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New Financial Trading Room features expensive Bloomberg software

February 11, 2015

The former dean of the College of Business and Economics (CBE) Glenn Potts retired last spring after 38 years of employment at UW-River Falls, and half a year later he has a financial trading room named in his honor in South Hall.

The Glenn Potts Financial Trading Room was created and implemented on the second floor of South Hall last November. Now, students and faculty have the ability to use the Financial Trading Room for educational or recreational purposes.

Inside the trading room are two large monitors that have access to Bloomberg trading data on a 15-minute delay, and accounting and finance Chair Charles Corcoran called the data a “treasure trove” because of the incalculable number of things you can do with the data.

“Whether you’re talking stocks, bonds—my area of interest right now is real estate—it has just tons of data that we’re looking at utilizing,” Corcoran said. “The neat thing is it’s easy to use; the challenging part is the data is endless.”

Bloomberg is a financial software, data and media company based in New York City, New York, and the Bloomberg feed costs approximately $25,000 per year. The trading room itself and the Bloomberg feed was paid for by a $50,000 donation from 1988 UWRF business and administration graduate Jim Musel. The donation will be used over a couple of years to finance the ongoing cost of the Financial Trading Room.

The Financial Trading Room is used for an investments course and a portfolio management course, both taught by Professor Reza Rahgozar, where students learn how to manage money by managing fictitious portfolios.

CBE also created a one-credit independent study course called “Bloomberg Certification,” where a student can become Bloomberg certified after using the Financial Trading Room to access a number of interactive videos, and eventually pass a number of exams. The course takes approximately seven hours and is pass or fail. The first and only student to pass the Bloomberg Certification course is UWRF student Chris Regnier, who earned his one credit two weeks ago.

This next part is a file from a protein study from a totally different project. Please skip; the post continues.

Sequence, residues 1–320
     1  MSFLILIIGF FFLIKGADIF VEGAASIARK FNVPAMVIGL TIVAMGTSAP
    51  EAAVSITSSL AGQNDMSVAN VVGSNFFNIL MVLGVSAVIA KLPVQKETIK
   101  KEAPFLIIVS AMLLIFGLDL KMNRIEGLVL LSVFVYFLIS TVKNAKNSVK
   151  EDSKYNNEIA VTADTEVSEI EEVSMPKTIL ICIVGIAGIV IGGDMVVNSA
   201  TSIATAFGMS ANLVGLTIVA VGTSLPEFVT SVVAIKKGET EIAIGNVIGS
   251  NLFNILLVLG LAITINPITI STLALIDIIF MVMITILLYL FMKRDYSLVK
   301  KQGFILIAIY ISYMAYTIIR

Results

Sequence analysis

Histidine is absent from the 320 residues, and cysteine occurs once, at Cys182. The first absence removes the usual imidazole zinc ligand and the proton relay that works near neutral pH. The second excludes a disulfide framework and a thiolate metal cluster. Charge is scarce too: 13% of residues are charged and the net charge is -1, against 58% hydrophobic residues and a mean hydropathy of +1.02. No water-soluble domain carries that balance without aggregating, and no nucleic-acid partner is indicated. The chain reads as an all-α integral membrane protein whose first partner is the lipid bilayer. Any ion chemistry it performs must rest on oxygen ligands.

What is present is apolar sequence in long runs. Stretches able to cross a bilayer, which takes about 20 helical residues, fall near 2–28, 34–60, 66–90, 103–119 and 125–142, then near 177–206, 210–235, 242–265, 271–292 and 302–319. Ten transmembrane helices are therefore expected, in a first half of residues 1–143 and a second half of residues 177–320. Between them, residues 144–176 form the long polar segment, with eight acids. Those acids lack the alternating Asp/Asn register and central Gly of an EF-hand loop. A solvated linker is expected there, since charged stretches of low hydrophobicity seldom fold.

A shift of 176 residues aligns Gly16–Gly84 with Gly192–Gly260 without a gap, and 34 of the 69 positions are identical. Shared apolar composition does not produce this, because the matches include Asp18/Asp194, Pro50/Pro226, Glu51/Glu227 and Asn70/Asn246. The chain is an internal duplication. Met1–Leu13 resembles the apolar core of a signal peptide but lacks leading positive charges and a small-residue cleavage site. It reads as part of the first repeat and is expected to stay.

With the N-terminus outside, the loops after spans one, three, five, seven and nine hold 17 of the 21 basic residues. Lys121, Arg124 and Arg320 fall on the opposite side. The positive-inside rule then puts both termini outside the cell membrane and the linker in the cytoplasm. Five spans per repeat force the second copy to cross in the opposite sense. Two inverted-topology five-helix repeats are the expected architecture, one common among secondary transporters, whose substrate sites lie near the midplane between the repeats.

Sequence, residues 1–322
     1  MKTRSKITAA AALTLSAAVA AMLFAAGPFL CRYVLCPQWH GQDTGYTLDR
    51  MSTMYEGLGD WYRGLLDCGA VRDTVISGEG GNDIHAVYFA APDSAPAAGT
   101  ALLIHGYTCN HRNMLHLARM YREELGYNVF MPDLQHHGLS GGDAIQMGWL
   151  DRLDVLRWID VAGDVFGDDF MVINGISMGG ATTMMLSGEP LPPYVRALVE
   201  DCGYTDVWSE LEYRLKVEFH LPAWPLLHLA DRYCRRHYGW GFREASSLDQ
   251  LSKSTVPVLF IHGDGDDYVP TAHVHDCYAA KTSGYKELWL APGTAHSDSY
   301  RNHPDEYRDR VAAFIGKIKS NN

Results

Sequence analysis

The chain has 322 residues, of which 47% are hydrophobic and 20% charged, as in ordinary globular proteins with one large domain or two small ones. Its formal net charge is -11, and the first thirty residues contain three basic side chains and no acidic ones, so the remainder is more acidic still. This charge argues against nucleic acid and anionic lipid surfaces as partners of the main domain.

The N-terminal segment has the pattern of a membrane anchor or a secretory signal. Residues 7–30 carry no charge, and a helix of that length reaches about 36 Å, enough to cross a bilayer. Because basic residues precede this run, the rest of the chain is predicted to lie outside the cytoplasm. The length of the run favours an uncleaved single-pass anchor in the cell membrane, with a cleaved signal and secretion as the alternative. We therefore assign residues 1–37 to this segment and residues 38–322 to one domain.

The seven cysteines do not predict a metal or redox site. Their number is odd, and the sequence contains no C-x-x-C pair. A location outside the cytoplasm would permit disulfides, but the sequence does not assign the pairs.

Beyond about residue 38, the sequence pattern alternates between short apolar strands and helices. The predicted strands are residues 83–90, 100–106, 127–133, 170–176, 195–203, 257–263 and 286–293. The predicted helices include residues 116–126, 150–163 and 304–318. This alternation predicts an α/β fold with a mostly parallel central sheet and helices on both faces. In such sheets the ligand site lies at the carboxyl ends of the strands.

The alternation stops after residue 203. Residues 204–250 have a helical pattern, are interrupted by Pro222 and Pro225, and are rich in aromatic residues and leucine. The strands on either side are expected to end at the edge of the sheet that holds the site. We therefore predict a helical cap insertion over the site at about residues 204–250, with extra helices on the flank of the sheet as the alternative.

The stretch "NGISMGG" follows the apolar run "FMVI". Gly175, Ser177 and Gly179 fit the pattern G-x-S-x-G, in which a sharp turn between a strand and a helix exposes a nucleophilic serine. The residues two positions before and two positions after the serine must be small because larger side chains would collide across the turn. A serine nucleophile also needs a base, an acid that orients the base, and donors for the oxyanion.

“The Bloomberg software is very informative and complicated,” Regnier said. “The information provided through the Bloomberg software gives us a huge advantage over the average investor. Being able to put Bloomberg certified on my resume will make me more valuable to potential employers.”

The Financial Trading Room will also be home to the UWRF student investment team, where students will be given real money to invest on behalf of the UWRF Foundation.

“What we’re going to have is as much as a $50,000 of not play money but real money from the Foundation to invest,” Corcoran said. “The challenge for us is going from play money in their investments class, to actual real money that’s given by alumni and others.”

The $50,000 from the Foundation is not set in stone quite yet, but Corcoran expects possibly to get the funding approved at the next Foundation board meeting in April.

“We would actually do security trades through the security firm used by the Foundation,” Corcoran said. “It’s very exciting, but it’s also kind of scary.”

Corcoran currently has a group of students who are doing research on regional “green” sustainable companies that may be worth investing in for the Foundation.

According to Corcoran, a number of CBE faculty members have expressed interest in using the Financial Trading Room for research purposes as well as classroom applications. But financing the trading room, because of the $25,000 Bloomberg feed, is one of the most important aspects in relation to the sustainability and growth of the room.

“The ongoing issue is financial support in the end, after a couple years here, but my own sense is once we get our financial traction with it I think it will work just fine,” Corcoran said.

Outside the Financial Trading Room is a “ticker tape,” where students roaming the hall can see live stock prices roll across a skinny but lengthy screen. The trading room now also has a window, so students don’t become overly claustrophobic while using the room because of its small space.

“We’ve created a Bloomberg lab that’s basically a very fancy broom closet, as it were, sorry to say that, but its more than that now,” Corcoran said. “We’re moving along and getting some technical features that you typically find in more developed finance programs, and our lab is our baby steps, just one terminal in a rather small room, but that can evolve over time.”